Scenes I Love: The Phantom of the Opera (Part 1)


Think of Me

Stage productions, especially musicals, have always drawn me. I think it goes back to my time in my final two years in high school when, on a lark, I decided to join the Drama production as part of my after-school activities. For a teenager whose never really had any experience watching musicals prior to joining one I was surprised as any to have fallen in love with the art when exposed to it.

Musicals range from classic Sondheim-style productions to the Andrew Lloyd Webber rock opera epics right up to the Matt Stone and Trey Parker comedy musicals. I love them all. One musical production that I was literally obsessed with during those late high school years was Andrew Lloyd Webber’s rock opera production of The Phantom of the Opera.

I knew the songs by heart and, even now, I still remember those final years of high school fondly because of this particular musical. So, finding out that they were going to make a film adaptation of the musical had me feeling both excited and hesitant.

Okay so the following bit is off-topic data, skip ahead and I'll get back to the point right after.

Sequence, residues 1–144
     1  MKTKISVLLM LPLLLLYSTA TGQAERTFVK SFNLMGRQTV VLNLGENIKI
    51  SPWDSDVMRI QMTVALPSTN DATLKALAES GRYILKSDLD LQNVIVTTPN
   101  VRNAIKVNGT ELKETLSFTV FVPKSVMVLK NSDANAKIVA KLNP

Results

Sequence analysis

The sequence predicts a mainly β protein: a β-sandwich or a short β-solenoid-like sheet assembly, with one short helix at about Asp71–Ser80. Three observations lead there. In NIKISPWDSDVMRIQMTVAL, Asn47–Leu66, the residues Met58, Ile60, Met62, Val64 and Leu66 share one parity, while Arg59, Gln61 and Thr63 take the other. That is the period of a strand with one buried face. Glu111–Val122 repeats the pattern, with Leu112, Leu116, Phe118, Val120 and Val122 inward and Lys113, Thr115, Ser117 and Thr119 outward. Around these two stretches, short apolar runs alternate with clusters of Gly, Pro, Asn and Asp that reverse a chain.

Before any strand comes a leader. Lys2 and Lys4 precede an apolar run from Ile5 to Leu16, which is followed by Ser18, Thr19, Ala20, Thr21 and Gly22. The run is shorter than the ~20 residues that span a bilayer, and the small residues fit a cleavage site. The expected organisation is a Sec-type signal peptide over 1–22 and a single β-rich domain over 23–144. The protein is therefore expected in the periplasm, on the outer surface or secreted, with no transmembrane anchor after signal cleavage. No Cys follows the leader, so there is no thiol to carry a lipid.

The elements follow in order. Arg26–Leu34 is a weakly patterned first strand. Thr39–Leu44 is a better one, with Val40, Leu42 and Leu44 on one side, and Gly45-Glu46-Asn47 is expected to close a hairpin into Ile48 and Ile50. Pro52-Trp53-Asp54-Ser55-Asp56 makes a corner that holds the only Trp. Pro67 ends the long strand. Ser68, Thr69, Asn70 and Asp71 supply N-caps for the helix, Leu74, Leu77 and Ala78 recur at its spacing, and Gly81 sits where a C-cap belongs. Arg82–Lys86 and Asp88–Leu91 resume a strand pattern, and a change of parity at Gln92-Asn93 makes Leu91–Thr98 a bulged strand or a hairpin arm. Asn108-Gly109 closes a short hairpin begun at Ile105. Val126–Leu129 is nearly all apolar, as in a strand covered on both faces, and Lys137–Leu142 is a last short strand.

How could a stage musical translate to film if they cast more for acting and less for singing?

My trepidation ended up being unfounded once I finally saw the film and was satisfied that all involved were more than up to the task of performing the iconic roles in the musical.

This first of three of my favorite scenes from The Phantom of the Opera comes early in the film as Emmy Rossum’s understudy, Christine Daaé, gets a chance to show just how much she has learned from her mysterious tutor. “Think of Me” is the one of the signature solos in the musical (the other being the Phantom’s own) and Emmy Rossum nails the scene and song. The expression on the skeptical managers in the beginning quickly turns to surprise as does the rest of the cast and crew who never realized they had a genuine ingenue in their midst.

While I will admit that the song and the scene has been pulled off better on stage, Emmy Rossum’s own experience singing as a member of the Metropolitan Opera as a child leading up to being chosen for the role of Christine Daaé more than makes her hold her own against those who came before her.